Greg Hickey’s Doing a GiveAway! (and you’re all invited)

Win the 18 speculative fiction ebooks shown below

  • Explore a variety of subgenres, including science fiction, fantasy, dystopian, post-apocalyptic, alternative history, paranormal and magical realism
  • 5 winners will be randomly selected
  • Click on each book cover or title to read more (listed under the raffle)

Our Dried Voices by Greg Hickey

Hundreds of years in the future, the last humans live in a utopian colony with every need satisfied automatically. But when the machines that regulate the colony begin to break down, one colonist must save what remains of humanity.

Once Bitten, Twice Die by Antony J. Stanton

A cure for dementia fails, leaving patients crazed, infectious and enraged, and the carnage quickly decimates society. On London’s outskirts some survivors must battle the infected, but their troubles have only just begun…

Sentience by Courtney P. Hunter

Sentience follows twenty-four individuals as they travel through a contained natural preserve to participate in a Turing Test conducted by a tech corporation willing to do anything for monetary gain.

Terra Obscura: A Knock in the Dark by Geoff and Michelle Genge


People are dying in the dark and New York’s highest office wants the truth buried. Only Charles Fort, an ambitious and ridiculed paranormal investigator is willing to get to the bottom of it.

Subject A36 by Teri Polen

He was genetically enhanced to be the perfect assassin. To kill for The Colony. He just doesn’t know it yet.

The Augmented Man by Joseph Carrabis

“…a blistering tour de force…Joseph Carrabis has created a military and scientific warrior that could mind read and wipe out Rambo, Robocop and Steve Austin ‘The Bionic Man’ at once, in an instant.”

The Curse of Sotkari Ta by Maria A. Perez

Mina is snatched from her family and forced to serve the ruthless Lostai on a distant science station. The DNA of an evolved race known as Sotkari Ta lies dormant in her genes.

The Night Alphabet by David M. Donachie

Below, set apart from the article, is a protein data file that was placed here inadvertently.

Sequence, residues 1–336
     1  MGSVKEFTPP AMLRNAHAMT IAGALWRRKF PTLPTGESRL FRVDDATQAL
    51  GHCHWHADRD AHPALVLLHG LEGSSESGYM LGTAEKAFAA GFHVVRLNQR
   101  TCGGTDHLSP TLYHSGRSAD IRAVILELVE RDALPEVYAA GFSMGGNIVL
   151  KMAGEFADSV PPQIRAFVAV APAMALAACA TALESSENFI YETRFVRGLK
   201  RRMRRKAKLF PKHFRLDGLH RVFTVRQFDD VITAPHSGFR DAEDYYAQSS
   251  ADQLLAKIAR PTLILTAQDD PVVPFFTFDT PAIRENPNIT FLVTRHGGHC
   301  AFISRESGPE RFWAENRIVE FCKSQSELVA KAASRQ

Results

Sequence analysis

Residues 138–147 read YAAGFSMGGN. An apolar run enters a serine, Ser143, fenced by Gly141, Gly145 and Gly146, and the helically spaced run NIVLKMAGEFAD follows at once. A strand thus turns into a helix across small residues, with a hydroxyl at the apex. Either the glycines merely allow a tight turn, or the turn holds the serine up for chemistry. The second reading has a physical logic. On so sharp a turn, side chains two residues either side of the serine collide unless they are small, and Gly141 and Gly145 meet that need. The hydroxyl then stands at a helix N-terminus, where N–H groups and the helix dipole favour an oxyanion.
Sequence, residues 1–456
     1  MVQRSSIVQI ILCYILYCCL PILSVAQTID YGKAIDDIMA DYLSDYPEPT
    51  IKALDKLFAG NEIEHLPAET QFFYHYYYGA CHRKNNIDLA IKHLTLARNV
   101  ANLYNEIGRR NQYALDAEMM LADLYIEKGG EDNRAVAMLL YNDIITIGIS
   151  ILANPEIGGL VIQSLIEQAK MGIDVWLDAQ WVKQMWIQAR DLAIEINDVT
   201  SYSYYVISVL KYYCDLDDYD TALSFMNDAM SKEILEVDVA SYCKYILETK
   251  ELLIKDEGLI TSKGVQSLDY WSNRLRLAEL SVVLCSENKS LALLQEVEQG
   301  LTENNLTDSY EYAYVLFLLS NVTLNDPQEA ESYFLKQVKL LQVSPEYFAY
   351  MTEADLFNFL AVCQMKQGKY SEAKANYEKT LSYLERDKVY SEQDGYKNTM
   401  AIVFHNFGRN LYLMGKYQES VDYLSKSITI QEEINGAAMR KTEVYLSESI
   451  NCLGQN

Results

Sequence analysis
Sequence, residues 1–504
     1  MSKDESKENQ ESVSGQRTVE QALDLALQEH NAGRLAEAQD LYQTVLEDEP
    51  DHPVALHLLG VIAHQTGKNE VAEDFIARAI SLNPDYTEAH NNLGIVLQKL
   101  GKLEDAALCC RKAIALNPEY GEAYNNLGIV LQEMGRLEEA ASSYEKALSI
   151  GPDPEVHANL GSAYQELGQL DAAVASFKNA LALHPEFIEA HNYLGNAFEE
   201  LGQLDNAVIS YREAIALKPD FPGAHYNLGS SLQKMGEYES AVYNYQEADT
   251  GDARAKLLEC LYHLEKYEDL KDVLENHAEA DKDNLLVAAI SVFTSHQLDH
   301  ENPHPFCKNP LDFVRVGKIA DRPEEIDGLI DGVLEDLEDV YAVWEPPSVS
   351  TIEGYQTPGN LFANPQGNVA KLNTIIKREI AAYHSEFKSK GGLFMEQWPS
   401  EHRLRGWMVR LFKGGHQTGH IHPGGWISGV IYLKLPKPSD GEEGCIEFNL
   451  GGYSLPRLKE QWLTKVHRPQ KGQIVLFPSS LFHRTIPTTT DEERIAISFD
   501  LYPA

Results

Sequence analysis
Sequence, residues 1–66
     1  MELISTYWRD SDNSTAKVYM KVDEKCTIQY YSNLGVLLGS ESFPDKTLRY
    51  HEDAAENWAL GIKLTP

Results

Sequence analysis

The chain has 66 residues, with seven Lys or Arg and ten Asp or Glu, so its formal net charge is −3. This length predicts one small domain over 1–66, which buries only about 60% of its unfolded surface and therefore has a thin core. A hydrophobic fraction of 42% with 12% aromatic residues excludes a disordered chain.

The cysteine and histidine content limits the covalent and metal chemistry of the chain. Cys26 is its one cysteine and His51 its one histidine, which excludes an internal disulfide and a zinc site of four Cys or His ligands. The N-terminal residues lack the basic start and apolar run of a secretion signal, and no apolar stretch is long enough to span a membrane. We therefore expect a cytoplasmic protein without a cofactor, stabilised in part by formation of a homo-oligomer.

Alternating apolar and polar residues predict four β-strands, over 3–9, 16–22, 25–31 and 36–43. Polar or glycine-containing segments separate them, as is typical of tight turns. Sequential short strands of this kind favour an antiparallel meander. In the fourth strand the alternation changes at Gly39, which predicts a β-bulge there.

Have you ever had a dream so wonderful it followed you into the waking world? Do you lie awake, listening to the creaks and groans of a settling building, and believe that something strange and terrible is happening?

Undertones by L.S. Popovich

In a dystopian city run by animals, a university jazz band takes on the mob for the sake of social protest, only to bite off more than they can chew.

Aceldama by John Hazen

When a young woman battles logic, time and even the religious establishment to save her husband from the clutches of a curse that goes back two millennia, she risks not only condemning her own soul but also plunging the world into the apocalypse.

I, Carlos by Casey Dorman

I, Carlos is thriller in which a revolutionary computer chip, containing the personality of Carlos the Jackal, the world’s most notorious assassin, is implanted into the protagonist’s brain.

Eye of the Storm by R.K. King

In a future ravaged by a planet-wide super storm, tribes of nomads eke out a miserable existence barely surviving as they uncover scraps of the old world and move as the storm moves.

Guardians of the Gates, Part 1: The New Breed by Jeff Schanz

When a madman wields a supernatural force that can wipe humanity off the globe, an ancient, dying society called The Saints are the only ones who understand the unfathomable threat.

Centricity by Nathaniel Henderson

When an intelligence operation to retrieve a DNA-altering bioweapon goes horribly wrong, it sparks a scandal that could bring down an agency, and a city along with it.

Moon Crusher by Susan Kite

Fourteen-year-old Diego only knows the rolling hills of his father’s ranch in 1829 California. Then he is captured by reptilian aliens and taken aboard their spaceship.

I Pitched Nine Agents in Two Days – Six said Yes! Here’s What I Learned (Pitch Evolution)

I recently had a fascinating week; Nine agents (including the ones who weren’t interested in my work) shared industry insights and offered suggestions for improving my pitch.

The is the third and last installment in the I Pitched Nine Agents in Two Days – Six said Yes! Here’s What I Learned series and deals with how the agents themselves helped me shape my pitch. The first installment dealt with Do’s and Don’t’s the agents shared with me during the day. The second installment details conversations I had with some of them and their thoughts on the industry and agenting.

Note the following deals with a fiction pitch.

Enjoy!


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I Pitched Nine Agents in Two Days – Six said Yes! Here’s What I Learned (Conversations)